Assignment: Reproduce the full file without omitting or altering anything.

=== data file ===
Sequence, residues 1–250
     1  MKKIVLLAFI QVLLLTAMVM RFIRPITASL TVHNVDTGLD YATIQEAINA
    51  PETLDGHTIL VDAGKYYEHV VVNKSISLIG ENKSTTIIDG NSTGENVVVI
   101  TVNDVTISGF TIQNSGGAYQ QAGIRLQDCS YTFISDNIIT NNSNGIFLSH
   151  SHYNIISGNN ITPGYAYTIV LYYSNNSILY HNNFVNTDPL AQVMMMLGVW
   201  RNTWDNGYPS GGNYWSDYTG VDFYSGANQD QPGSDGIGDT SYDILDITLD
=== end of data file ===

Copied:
Sequence, residues 1–250
     1  MKKIVLLAFI QVLLLTAMVM RFIRPITASL TVHNVDTGLD YATIQEAINA
    51  PETLDGHTIL VDAGKYYEHV VVNKSISLIG ENKSTTIIDG NSTGENVVVI
   101  TVNDVTISGF TIQNSGGAYQ QAGIRLQDCS YTFISDNIIT NNSNGIFLSH
   151  SHYNIISGNN ITPGYAYTIV LYYSNNSILY HNNFVNTDPL AQVMMMLGVW
   201  RNTWDNGYPS GGNYWSDYTG VDFYSGANQD QPGSDGIGDT SYDILDITLD